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Expensive housing, few veteran-owned businesses among reasons for low ranking, survey finds
One would think that the Washington, D.C. area—home to the Pentagon, Defense Department and the Department of Veterans Affairs—would be the ideal place for a retired military man or woman to live.
Not so, according to
a new survey by WalletHub that examines the best and worst states for military retirees.
The survey, released May 19, 2015, concluded that Wyoming is actually the most hospitable place for veterans, based on 20 metrics ranging from job opportunities for veterans to the number of Veterans Administration (VA) health facilities in a state. The metrics used by WalletHub, a personal finance social network, “speak collectively to the economic environment, health care services and overall quality of life in each area,” a press release said.
Washington, D.C., ranked low—at No. 49. The only states that ranked lower were Rhode Island at No. 50 and Indiana at No. 51.
D.C. was found to have the fewest veterans per 100 inhabitants; the fewest VA facilities per 10,000 veterans; the highest percentage of homeless veterans per number of veterans; the least affordable housing; and the fewest veteran-owned businesses per 1,000 inhabitants.
On the other hand, D.C. scored in the top five states in one area: It has among the most job opportunities for veterans.
Wyoming, Montana, South Dakota, Maine and Florida made up the top five states in the overall rankings.
“Retirement is typically viewed as the end of the line—a time for rest, relaxation and the pursuit of interests long ago put on the back burner,” the WalletHub release said. “But the narrative is far different for military retirees.”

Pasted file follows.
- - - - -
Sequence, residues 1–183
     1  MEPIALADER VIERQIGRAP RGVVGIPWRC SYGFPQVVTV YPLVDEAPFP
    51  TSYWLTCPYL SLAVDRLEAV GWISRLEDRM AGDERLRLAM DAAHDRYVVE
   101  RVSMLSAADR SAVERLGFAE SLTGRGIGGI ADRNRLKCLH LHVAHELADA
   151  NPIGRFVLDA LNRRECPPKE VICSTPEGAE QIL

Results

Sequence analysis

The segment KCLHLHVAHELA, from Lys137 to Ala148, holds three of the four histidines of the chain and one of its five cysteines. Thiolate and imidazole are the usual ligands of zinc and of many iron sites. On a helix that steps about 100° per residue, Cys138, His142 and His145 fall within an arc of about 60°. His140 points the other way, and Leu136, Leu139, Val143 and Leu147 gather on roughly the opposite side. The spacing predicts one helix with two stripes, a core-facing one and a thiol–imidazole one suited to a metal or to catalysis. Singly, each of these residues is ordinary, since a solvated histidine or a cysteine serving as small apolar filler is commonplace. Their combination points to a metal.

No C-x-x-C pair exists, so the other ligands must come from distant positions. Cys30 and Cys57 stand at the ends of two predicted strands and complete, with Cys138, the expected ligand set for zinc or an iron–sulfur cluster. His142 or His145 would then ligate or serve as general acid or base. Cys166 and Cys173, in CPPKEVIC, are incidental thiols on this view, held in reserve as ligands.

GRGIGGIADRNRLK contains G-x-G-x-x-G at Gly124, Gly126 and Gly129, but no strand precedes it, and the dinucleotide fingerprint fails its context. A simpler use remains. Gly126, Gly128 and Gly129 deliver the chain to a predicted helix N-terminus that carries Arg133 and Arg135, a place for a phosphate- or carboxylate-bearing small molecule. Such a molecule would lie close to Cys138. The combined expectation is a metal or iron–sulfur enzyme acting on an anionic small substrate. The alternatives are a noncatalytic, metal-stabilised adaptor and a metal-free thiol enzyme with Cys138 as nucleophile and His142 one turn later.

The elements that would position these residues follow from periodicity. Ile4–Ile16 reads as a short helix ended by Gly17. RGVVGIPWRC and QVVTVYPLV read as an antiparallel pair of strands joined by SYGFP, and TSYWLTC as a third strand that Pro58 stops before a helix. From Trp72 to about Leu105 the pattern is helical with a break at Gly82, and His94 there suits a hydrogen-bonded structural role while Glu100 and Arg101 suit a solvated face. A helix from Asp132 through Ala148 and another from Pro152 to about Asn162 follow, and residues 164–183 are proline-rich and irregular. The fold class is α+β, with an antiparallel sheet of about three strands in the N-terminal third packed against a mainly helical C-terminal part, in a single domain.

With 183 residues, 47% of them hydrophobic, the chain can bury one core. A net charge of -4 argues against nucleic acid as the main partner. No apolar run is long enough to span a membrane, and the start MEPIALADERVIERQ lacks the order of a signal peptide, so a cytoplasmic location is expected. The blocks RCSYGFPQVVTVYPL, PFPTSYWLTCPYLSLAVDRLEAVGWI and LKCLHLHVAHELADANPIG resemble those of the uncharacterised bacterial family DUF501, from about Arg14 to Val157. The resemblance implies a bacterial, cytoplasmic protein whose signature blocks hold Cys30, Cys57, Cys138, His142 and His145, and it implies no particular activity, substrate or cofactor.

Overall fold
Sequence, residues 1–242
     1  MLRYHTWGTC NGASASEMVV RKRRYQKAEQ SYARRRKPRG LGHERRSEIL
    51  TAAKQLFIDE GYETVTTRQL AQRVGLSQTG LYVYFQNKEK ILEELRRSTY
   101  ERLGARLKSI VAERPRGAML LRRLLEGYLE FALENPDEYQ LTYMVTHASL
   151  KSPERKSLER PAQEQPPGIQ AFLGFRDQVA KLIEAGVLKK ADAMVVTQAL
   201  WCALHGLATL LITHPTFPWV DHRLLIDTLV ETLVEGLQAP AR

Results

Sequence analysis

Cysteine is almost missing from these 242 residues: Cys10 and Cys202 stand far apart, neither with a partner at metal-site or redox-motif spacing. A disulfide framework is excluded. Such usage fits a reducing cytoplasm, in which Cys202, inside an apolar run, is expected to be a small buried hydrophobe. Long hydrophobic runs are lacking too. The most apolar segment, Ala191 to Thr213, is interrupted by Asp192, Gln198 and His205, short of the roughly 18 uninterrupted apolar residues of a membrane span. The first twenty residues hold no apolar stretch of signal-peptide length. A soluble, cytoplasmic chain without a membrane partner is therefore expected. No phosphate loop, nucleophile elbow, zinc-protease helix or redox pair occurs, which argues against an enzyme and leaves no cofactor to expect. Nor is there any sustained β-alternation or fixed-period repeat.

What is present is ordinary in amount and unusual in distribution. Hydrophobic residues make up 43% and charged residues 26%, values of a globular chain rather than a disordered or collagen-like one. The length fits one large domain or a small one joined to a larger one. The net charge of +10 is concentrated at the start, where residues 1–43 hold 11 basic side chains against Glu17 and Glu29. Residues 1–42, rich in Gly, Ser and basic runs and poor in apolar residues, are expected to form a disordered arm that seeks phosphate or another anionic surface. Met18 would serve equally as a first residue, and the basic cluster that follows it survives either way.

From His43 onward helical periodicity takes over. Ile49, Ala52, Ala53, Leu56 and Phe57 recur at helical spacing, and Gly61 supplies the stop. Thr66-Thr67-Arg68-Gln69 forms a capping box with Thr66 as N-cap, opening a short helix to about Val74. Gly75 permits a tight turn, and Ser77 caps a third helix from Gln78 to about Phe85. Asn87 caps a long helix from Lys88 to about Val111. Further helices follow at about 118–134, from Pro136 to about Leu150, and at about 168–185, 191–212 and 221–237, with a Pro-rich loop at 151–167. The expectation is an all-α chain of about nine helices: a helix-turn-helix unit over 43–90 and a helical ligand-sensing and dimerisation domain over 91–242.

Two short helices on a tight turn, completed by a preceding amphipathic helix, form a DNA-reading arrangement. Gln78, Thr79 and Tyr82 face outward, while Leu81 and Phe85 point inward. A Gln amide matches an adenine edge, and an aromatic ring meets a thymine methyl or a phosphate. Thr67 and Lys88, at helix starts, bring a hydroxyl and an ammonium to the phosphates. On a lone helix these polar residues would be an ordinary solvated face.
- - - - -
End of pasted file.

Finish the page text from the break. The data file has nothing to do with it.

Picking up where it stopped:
The average age of a retiring military officer is 47.1 years old, while the average age of retiring enlisted personnel is 43.2 years, WalletHub said. As a result, most retirees are looking for civilian jobs.
“Military retirees, veterans in particular, must also deal with the trials of assimilation, which have proven especially difficult in the wake of the wars in Afghanistan and Iraq,” the press release said. “Rising numbers of young vets have encountered hardship and homelessness.”
Steve Abel, founding director of the Office of Veteran and Military Programs and Services at Rutgers, the State University of New Jersey, said in an interview published with the survey that companies should take advantage of veterans’ leadership skills.
“Companies are looking for leaders … with integrity, initiative, solid work ethic [and] habits, and are willing to compensate based on these values,” he said. “Finance, IT [and] HR appear to me to be solid areas … but management positions across a broader range of career fields work.”
Jason B. Burke, director of veteran and military affairs at Quinnipiac University, said that government jobs are ideal for veterans, in part because such jobs typically offer well-established pay ranges that aren’t lowered just because a veteran has a military retirement income. He said that he knows of “civilian companies that may lowball a potential new hire based on their retirement pay income. It’s not ethical, but it happens.”
Among the survey’s other findings:
Dana Wilkie is an online editor/manager for SHRM.
Follow her at @SHRMDana
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